How do we explain our need to feel respected by others? Is there something in the human condition or is it the conditioning of and by society that causes us to feel wounded when we sense someone has disrespected us? Is it a global phenomenon? Most importantly, how often do we mistake someone’s actions for disrespect when in fact it had nothing to do with us in the first place?
Our interpretation of any given situation is just that, an interpretation. It can be so easy to feel disrespected when in fact the person’s actions had very little to do with us. This is directly correlated to the idea presented in Don Miguel Ruiz’s The Four Agreements that nothing is personal; everything is merely a reflection of the other person’s reality.
Experience has taught me that using the word “kind” instead of “respect” accomplishes at least two things. For one, it is difficult to argue with the word kind, it’s definition being so clear. Respect on the other hand can be vague and can even put a person on the defensive, “I didn’t do it on purpose!”
On top of that, when delivering a message with the word respect, it is easy to take on a tone of command or superiority which is rarely conducive to defusing a situation. On the flip side, try saying, “Be kind!!!!” in a bossy way. The results are quite ridiculous. I promise you, it’s true. I’ve tried. (You should try it too, right now…that’s if you’re not riding the bus or something. That could be embarrassing…)
Whether you’re a parent, a teacher, a principal, or a childcare provider, the use of the word “kind” in place of “respect” helps to build social skills by giving children clear actions to take in order to solve their problems. It avoids the possibility of accusing children of having poor character and instead empowers them by providing them with opportunities to be seen as kind.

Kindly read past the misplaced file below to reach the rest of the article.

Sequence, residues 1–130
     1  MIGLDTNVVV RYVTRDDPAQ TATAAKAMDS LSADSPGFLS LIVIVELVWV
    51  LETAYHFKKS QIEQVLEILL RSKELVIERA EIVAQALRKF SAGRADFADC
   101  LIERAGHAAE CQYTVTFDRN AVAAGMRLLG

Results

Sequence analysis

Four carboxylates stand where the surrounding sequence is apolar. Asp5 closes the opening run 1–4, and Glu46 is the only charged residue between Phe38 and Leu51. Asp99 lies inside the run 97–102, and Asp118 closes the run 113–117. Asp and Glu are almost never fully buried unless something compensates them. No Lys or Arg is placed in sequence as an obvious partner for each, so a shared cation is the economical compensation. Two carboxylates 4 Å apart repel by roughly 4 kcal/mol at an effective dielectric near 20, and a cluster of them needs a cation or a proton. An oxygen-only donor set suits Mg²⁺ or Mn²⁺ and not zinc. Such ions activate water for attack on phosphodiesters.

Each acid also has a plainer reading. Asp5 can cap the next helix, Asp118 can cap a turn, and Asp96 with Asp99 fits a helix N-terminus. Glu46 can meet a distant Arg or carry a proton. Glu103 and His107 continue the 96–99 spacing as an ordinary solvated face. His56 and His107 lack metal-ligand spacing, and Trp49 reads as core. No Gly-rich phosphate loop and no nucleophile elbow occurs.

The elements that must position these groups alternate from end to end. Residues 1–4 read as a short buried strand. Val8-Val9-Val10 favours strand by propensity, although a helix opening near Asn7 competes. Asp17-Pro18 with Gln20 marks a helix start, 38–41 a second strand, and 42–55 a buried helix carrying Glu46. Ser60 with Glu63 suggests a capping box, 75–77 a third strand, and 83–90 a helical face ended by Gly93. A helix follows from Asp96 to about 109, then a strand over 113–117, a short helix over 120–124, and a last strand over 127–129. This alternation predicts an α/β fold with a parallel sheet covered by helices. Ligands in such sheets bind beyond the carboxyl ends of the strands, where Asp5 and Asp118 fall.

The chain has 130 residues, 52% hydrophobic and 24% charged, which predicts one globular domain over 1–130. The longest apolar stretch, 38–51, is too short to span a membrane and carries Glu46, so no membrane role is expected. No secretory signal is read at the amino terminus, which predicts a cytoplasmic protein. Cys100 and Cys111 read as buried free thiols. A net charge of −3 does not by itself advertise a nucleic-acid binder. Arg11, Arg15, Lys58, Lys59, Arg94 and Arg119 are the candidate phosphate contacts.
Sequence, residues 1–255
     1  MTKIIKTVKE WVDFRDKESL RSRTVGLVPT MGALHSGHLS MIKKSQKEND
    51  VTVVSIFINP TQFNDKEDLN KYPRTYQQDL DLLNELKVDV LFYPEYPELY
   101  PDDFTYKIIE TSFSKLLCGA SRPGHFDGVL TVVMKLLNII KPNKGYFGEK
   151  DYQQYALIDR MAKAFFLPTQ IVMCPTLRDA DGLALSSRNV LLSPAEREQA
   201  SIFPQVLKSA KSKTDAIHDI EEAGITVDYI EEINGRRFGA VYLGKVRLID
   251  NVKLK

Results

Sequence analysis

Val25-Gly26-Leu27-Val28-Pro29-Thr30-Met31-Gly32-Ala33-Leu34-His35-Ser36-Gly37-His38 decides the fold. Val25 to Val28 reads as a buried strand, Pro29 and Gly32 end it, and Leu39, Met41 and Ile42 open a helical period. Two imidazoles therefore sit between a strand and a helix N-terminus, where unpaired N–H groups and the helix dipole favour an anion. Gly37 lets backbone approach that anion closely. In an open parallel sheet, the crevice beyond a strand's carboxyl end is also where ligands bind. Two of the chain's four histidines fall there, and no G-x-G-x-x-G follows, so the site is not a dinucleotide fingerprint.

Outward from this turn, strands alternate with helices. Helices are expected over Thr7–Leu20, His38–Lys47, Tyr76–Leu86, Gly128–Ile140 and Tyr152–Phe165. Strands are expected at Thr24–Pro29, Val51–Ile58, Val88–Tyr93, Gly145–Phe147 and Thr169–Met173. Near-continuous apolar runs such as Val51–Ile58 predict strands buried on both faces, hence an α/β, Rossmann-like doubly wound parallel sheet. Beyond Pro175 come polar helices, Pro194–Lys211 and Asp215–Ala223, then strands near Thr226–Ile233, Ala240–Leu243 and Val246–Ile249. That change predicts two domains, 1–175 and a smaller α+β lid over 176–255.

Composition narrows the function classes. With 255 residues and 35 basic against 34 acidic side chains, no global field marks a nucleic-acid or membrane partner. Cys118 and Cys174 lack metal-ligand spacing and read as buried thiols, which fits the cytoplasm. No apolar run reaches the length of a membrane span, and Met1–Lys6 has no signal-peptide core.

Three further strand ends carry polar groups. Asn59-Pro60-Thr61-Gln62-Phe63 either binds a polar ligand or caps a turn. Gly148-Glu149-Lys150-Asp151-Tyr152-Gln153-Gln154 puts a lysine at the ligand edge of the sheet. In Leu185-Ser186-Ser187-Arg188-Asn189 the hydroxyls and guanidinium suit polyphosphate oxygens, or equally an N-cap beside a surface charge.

Remember, children innately want to be seen as good. They want to belong. The children we see today who resist this are the ones who have been neglected one way or another. That is not intended as an accusatory statement. I am not trying to make anyone feel guilty. I firmly believe however that children will only regularly seek out negative attention when experience has taught them that that is what is easier to get. For these kids, any attention is good attention. It’s our (professional) obligation to guide them compassionately, thereby helping them to reconnect to their true self. We are all born loving. Just some of us do not have the privilege of it being reinforced properly or effectively.
I am not suggesting that we stop teaching about respect. What I am suggesting is that we make kindness the first stepping stone or building block on a child’s journey to learning how to be respectful. Let’s stop being indignant towards children who seem to lack respect, and give them the concrete tools for being respectful, which ultimately comes down to acts of kindness and practicing empathy. Let’s remember that their brains, their spirits, their hearts, and their souls are still developing, all the way through the primary years and beyond. Let’s accompany them on their journey in a heart-felt way, rather than a judgmental way. By placing our attention first and foremost on kindness, we naturally instill respectful behavior in them.
The bottom line is this: Ask yourself when have you been the most motivated to do your best? Hands down I am certain that when you are treated with kindness, you feel respected by the person for whom you are working, and you are willing to go above and beyond. Children are no different. In fact, what I love about kids is that they are less likely to “fake it” for anyone. Their honesty and generosity are worth a pound in gold when we honor them and challenge them authentically. Let’s give what we wish to receive.